Wednesday, April 7, 2010
Ancestor Approved Award
Thanks to Leah at “The Internet Genealogist”, Theresa at “Tangled Trees”, and to Hummer at “Branching Out Through The Years” for granting me the “Ancestor Approved Award.” I feel very humble and very honored, and it is nice knowing that someone outside of my immediate family is reading my blog. I feel three times honored!
To accept this award I have to list 10 things I have learned about my ancestors that have surprised, humbled or enlightened me. I need to pass along the award to 10 other genealogy bloggers who I feel are doing their ancestors proud.
What has surprised me:
1. All the family myths I’ve researched have been TRUE! But it has taken 30 years to track down some of them. All I can say is be prepared for the long haul, and never give up!
2. There was royalty on American soil in the Hawaiian Islands, and most Americans have forgotten the tragic story of how the native people in Hawaii lost their lovely independent kingdom.
3. I haven’t found a single Irish ancestor, even though I live near the highest concentration of people descended from Ireland in the entire United States!
4. Finding Mayflower ancestors, even though I swore my ancestry was all from North of Boston. Surprise, surprise, some of the Mayflower passengers settled in Salem, Massachusetts, not in Plymouth. The rest is history.
What has humbled me:
1. Even though my family is full of abolitionists, reformers and Quakers, several ancestors owned slaves.
2. Our ancestresses lost a prodigious number of children, and even their own lives bringing forward the next generations. We cannot begin to honor their memory enough. And we don’t even know some of their maiden names, and in some cases, their forenames.
3. My family tree is not full of diversity. We are a boring conglomeration of people from the British Isles, with one Hessian soldier and one Dutch stowaway. Their stories are interesting, but our DNA needs a little spicing up. Must be why I married a Spaniard!
What has enlightened me:
1. You can’t sit along at home on your computer and trace your genealogy. You MUST get out, interview the older relatives, look in the dusty archives and visit the towns and cemeteries. Just a passing conversation with a librarian or town historian can reveal very valuable clues.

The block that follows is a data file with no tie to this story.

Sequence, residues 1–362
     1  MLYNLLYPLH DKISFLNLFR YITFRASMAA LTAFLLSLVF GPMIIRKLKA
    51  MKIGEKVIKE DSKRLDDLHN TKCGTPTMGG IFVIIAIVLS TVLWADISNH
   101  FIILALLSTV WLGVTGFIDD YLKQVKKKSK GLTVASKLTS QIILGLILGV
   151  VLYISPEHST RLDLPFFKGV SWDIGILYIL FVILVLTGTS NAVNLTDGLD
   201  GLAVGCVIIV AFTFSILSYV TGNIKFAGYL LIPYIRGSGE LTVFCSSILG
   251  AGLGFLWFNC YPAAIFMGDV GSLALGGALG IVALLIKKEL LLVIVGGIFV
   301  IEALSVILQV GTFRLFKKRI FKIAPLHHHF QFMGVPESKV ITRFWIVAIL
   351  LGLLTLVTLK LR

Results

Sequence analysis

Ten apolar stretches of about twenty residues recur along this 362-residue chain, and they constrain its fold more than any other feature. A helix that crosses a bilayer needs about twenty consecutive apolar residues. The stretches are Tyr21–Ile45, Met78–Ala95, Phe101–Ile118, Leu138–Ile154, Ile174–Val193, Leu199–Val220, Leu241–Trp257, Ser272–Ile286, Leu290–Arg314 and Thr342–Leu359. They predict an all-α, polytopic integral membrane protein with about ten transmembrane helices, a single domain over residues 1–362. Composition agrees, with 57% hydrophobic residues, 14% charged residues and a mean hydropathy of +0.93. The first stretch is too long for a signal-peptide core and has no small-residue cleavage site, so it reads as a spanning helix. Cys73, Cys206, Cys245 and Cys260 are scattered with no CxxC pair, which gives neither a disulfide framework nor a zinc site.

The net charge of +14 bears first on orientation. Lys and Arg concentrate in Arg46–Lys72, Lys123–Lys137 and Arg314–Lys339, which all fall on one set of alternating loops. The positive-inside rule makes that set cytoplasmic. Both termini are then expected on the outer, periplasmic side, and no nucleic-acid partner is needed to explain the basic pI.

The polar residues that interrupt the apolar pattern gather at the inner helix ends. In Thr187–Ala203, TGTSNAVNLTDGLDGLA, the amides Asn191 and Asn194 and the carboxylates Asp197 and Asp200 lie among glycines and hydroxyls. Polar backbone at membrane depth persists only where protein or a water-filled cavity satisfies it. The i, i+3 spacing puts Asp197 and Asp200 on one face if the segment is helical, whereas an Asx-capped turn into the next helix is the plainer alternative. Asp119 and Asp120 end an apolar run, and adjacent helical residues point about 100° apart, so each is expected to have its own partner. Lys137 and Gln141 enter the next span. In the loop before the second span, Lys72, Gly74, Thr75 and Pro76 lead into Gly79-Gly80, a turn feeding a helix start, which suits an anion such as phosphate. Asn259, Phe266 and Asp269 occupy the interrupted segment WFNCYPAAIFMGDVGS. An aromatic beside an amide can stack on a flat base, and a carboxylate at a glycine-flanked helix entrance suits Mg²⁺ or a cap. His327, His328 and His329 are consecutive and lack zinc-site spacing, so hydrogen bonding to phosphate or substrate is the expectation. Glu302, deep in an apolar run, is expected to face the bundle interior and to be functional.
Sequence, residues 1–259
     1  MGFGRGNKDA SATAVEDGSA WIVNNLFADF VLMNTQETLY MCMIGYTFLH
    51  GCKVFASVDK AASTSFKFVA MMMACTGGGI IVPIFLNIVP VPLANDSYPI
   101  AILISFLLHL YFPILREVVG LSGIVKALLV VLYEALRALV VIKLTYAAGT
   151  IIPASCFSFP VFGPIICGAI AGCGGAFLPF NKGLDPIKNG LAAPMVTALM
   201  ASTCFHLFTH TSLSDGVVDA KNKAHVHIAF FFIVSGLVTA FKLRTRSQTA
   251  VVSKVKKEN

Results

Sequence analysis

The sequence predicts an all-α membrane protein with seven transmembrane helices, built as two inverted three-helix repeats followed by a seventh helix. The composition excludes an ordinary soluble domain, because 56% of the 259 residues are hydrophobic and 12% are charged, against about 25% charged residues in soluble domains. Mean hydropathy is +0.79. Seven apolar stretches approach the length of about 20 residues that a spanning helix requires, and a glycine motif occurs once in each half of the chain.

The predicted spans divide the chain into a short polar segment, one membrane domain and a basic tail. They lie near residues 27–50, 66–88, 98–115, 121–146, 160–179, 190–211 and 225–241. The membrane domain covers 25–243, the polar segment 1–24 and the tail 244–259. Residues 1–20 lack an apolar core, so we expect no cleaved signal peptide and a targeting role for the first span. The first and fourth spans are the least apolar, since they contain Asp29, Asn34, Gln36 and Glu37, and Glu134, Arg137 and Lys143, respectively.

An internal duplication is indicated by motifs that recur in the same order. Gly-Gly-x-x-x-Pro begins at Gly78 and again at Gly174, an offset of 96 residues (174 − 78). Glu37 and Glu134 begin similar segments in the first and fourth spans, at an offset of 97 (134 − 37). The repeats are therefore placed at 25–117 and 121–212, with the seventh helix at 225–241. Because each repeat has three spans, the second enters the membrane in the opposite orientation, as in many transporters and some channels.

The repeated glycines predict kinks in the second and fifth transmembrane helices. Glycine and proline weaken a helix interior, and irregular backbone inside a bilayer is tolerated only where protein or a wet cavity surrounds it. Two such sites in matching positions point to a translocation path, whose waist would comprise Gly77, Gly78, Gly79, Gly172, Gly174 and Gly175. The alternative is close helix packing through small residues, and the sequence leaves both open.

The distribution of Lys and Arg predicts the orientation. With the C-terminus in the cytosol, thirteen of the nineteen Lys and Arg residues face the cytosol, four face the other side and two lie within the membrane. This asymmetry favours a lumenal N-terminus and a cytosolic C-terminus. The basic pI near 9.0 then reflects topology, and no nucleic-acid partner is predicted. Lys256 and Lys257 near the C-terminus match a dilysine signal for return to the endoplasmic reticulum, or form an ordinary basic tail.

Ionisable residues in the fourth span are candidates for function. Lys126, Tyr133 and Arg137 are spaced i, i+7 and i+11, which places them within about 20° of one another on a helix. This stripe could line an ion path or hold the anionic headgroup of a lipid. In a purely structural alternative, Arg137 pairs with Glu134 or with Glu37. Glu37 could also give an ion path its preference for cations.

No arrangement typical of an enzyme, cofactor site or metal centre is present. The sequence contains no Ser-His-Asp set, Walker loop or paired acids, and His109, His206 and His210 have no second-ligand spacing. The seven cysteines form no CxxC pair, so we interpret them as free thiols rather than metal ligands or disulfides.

2. For every person of historical interest (a college educated doctor, town pastor, wealthy mill owner, town founder, member of nobility) there are 1,000 paupers, swamp Yankees and subsistence farmers.
3. The genealogical community is full of wonderful people who will share not only their research, but photos, time and friendship- from the little old ladies at the historical society, to the librarians at NEHGS to other geneabloggers. A wonderful bunch of people!
I would like to pass along the award to all the genealogy bloggers out there in cyberspace. Every blog I read provides me hints, information, inspiration and courage to keep blogging. However, here are a few that are dear to my heart… Please visit the following blogs!
1. Anthony Vaver at “Early American Crime” for giving hints on finding black sheep ancestors
2. Tim Abbott at “Walking the Berkshire” for being such a stylish writer
3. J. Dennis Robinson at “Seacoast History Blog” for maintaining the history of New Hampshire’s Seacoast Region- all 18 miles of it!
4. Bill West at “West in New England” for staging the comeback of the century!
5. Barbara Poole at “Life at the Roots” even though she won’t accept this award! Enjoy the award Barb in private, and you don’t have to pass it along!
6. T.K. at “Before My Time” for piquing my interest in genealogy outside of New England
7. Renate at “Into the Light” for her recent Carnival of African American Genealogy, and more…
8. Peter M. at “New England Folklore” for stories about the weird side of New England
9. Ruth at “Reed Cook Dearman” for blogging about her fun upcoming genealogy trip to England to research our common Chapin ancestors.
10. Caitlin Hopkins at “Vast Public Indifference” for being my favorite gravestone and antique photography blogger.
2010, Heather Wilkinson Rojo